Signals AZ

Reach Out Initiative Funding Bill Signed by Governor Ducey

On May 16, 2018, Governor Doug Ducey signed SB 1476 which appropriates the sum of $500,000 over the next 3 fiscal years to fund the Yavapai County Sheriff’s Office Reach Out Program.

Governor Doug Ducey speaking at the 2016 Arizona CEO Summit hosted by Greater Phoenix Leadership at the Phoenix Marriott Tempe at the Buttes in Tempe, Arizona. (Gage Skidmore / Creative Commons)

Sheriff Mascher would like to thank Arizona Senator Sylvia Allen for her efforts to make sure this bill, originally introduced under SB 1081, made it to the Governor’s desk. Senator Allen expressed her strong support for Reach Out after hearing about the program, taking the time to tour the detention facility in Camp Verde and meet with Command staff to see the impact of this initiative. The Sheriff also appreciates the Governor’s support by way of his signature authorizing the appropriation.

Senator Allen, “I believe this is a revolutionary program the Yavapai County Sheriff has created as it changes the way we think about helping those returning to the community following incarceration. Providing these services on the front end, we will expect to see cost savings on the back end through reduced recidivism rates involving those accepted into the program. With an anticipated successful outcome from this pilot program, I would like to see this concept offered to county jails statewide. Helping those with mental illness/drug addiction get their lives back together makes the effort worthwhile and could even have an impact reducing our prison population.”

Background – REACH OUT is a project initiated under the leadership of Sheriff Scott Mascher and his Chief Deputy, David Rhodes. The goal of Reach Out is to create a road to recovery outside of incarceration by providing service linkage to county jail inmates with appropriate behavioral health and substance abuse treatment at the earliest possible moment in the criminal justice system. In earlier comments about the program, County Attorney Shelia Polk said, “Most of what we have historically done is to provide back-end services to defendants. Reach Out is ground-breaking in that the link to services will be made upon the system’s first contact with an offender.” Chief Rhodes noted his goal that every contact by an inmate in this program is meaningful and resourceful.

This funding, in part, will provide for director oversight, staffing, and tracking of inmates accepted into the program. Detention facility release coordinators will screen inmates suffering from mental illness, substance abuse and/or co-occurring disorders to determine the history of substance abuse and mental illness, willingness for treatment, and severity of charges. From there, the coordinators will connect the inmate to partners throughout the county who can provide appropriate treatment to qualifying individuals.

An important component of Reach Out will be cross-system recidivism tracking which allows a snapshot of inmate history, status, and success to help evaluate the program at all levels and involving all stakeholders. Some of those stakeholders include courts, attorneys, pre-trail services, mental health treatment providers including behavioral health authorities and local behavioral health homes/shelters, along with community support programs in the areas of AHCCCS (Arizona Health Care Cost Containment System) assistance, transportation, education assistance, veteran’s programs, housing, etc.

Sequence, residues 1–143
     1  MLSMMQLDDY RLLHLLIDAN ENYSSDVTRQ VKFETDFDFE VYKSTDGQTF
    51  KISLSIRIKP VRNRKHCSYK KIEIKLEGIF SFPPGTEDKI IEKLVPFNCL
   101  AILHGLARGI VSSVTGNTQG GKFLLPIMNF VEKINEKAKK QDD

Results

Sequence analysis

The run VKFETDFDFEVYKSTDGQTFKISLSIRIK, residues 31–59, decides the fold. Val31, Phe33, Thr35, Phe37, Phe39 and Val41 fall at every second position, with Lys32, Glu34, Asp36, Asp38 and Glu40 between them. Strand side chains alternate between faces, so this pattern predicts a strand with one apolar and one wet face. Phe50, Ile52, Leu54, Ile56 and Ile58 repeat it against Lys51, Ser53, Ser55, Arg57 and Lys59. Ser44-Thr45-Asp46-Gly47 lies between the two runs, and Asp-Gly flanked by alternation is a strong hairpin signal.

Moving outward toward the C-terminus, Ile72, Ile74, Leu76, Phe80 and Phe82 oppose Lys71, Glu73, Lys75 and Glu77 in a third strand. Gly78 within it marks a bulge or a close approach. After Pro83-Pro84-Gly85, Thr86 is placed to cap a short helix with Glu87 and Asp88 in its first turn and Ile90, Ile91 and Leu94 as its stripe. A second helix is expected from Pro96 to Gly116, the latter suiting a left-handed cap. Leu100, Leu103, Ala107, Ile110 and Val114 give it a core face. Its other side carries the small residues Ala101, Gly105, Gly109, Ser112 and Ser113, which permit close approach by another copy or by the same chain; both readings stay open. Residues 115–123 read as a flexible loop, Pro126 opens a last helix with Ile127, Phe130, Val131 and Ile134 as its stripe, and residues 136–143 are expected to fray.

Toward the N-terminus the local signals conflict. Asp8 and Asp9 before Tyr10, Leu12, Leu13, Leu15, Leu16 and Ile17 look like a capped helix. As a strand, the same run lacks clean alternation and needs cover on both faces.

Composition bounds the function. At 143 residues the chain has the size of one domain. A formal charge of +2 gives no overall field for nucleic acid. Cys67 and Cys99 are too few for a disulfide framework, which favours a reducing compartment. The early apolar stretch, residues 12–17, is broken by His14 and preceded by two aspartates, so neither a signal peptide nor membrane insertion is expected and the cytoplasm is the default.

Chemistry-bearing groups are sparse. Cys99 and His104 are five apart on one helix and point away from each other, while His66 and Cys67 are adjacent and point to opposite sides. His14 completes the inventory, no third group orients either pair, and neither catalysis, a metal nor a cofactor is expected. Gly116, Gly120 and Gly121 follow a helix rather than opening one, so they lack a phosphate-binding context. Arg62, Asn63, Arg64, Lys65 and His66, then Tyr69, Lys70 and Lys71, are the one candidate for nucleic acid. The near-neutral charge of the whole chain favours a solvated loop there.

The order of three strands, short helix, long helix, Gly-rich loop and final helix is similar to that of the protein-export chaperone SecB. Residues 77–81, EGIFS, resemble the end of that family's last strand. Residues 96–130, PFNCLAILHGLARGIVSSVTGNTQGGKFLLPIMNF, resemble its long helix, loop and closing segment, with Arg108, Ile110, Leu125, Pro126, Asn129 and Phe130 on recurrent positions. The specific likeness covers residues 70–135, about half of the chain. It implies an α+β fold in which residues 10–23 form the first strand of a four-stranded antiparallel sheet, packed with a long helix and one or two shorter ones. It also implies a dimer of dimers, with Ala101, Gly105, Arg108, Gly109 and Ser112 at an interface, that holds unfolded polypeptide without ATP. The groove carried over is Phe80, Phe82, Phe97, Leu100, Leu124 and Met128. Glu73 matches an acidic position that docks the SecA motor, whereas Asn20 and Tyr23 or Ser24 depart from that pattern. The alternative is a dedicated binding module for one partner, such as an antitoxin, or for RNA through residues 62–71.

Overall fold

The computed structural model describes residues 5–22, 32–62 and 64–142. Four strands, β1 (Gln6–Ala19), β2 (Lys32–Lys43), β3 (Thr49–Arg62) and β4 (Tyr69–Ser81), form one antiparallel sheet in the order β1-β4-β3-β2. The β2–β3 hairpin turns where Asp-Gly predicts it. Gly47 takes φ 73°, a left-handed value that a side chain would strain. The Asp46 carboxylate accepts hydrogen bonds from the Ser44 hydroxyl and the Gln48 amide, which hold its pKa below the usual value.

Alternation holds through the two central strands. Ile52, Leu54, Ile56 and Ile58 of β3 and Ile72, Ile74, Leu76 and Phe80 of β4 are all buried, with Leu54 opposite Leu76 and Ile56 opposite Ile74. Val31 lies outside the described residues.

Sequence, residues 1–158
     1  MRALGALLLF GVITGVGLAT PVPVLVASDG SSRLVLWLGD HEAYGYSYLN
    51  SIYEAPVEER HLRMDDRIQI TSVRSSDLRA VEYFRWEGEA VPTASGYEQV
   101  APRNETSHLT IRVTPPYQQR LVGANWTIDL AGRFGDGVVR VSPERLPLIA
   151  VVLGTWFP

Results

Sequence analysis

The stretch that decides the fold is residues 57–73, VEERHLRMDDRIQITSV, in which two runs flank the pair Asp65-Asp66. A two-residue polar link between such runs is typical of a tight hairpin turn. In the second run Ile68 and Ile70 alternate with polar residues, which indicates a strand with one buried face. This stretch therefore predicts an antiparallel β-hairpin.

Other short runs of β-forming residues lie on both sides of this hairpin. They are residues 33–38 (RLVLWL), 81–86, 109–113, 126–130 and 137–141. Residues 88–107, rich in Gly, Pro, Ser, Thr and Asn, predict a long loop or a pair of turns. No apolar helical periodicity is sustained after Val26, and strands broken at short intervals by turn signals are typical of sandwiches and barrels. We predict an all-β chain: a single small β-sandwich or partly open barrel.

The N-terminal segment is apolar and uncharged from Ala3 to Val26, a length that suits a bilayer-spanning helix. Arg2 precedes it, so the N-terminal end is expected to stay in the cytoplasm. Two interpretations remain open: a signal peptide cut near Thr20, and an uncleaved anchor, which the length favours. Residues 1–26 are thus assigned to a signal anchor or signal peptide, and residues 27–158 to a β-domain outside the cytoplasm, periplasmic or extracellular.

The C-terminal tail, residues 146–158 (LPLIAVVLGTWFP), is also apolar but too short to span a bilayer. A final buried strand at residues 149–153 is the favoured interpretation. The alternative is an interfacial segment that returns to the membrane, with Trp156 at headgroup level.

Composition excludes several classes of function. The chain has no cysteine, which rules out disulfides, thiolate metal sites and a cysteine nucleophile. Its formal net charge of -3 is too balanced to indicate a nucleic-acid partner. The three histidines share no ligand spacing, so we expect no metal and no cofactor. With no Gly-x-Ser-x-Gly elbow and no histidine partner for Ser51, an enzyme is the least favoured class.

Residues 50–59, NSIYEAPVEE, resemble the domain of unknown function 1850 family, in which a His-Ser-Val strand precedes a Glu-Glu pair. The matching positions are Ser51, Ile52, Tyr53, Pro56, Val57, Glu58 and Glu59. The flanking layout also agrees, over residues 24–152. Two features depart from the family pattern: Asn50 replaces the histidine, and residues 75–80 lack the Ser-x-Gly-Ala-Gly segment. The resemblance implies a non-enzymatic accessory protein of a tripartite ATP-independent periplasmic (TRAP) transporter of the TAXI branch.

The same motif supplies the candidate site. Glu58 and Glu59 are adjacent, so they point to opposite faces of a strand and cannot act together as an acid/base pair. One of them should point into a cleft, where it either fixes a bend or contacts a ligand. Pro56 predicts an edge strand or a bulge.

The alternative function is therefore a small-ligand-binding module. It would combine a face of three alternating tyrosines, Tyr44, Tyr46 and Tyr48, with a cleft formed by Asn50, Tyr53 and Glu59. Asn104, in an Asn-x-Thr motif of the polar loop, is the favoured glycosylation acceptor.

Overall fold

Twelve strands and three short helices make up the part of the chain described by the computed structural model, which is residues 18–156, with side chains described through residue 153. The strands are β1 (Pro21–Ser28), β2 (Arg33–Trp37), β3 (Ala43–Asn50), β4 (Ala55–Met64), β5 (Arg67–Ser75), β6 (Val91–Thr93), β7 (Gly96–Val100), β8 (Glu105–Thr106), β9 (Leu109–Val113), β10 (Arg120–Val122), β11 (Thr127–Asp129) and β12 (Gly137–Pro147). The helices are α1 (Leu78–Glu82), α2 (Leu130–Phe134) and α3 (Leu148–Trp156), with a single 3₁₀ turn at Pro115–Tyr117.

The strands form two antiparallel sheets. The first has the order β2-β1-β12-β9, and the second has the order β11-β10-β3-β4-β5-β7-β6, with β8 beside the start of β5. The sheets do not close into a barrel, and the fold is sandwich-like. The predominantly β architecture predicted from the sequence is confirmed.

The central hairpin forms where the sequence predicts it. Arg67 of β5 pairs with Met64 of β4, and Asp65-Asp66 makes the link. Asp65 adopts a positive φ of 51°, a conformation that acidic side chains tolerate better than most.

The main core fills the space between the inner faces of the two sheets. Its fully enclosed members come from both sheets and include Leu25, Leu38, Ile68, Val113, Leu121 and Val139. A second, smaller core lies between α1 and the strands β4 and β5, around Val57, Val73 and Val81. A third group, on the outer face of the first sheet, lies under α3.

There is also a pre-arrest diversion focus in Reach Out. It involves training law enforcement officers to utilize de-escalation skills in conjunction with crisis response teams to divert those with mental health issues from jail if appropriate.

Previous funding to help launch the Reach Out Program has come from a federal Department of Justice, Bureau of Justice Assistance, grant obtained by Chief Deputy Rhodes, an allocation of monies from Yavapai County Attorney Shelia Polk’s office earmarked for pre-trail diversion programs by the state legislature, and the Northern Arizona Regional Behavioral Health Authority (NARBA).

Sheriff Mascher appreciates the support of all the stakeholders who share his vision of the Reach Out program’s goal to provide critical pre and post-release services for those who qualify, reducing recidivism and in turn jail population, while benefiting overall community safety. With the expected positive results, the Sheriff hopes the program can spread statewide and even to those Sheriff’s agencies outside Arizona looking to reduce recidivism in their facilities.

A copy of the complete brochure is available here –


Follow Signals on Facebook to get the latest local events and updates:

Subscribe to the Signals Newsletter, events, entertainment, info & news right to your inbox! SUBSCRIBE

If you like this story, consider subscribing to Signals Updates, Entertainment Events & News!

One response to “Reach Out Initiative Funding Bill Signed by Governor Ducey”

  1. Jason Ramsey says:

    Mr. Ducey I am Reaching out to say how bad our fentanyl epidemic is out of control i would like to give your team our info on The Salvation Army Adult Rehabilitation Center. We do have beds for men and women! if your team can reach out and contact myself i would like to give them the proper documents to get some of this help out into the proper hands.

    Sincerely Jason Ramsey

Leave a Reply

Your email address will not be published. Required fields are marked *

This site uses Akismet to reduce spam. Learn how your comment data is processed.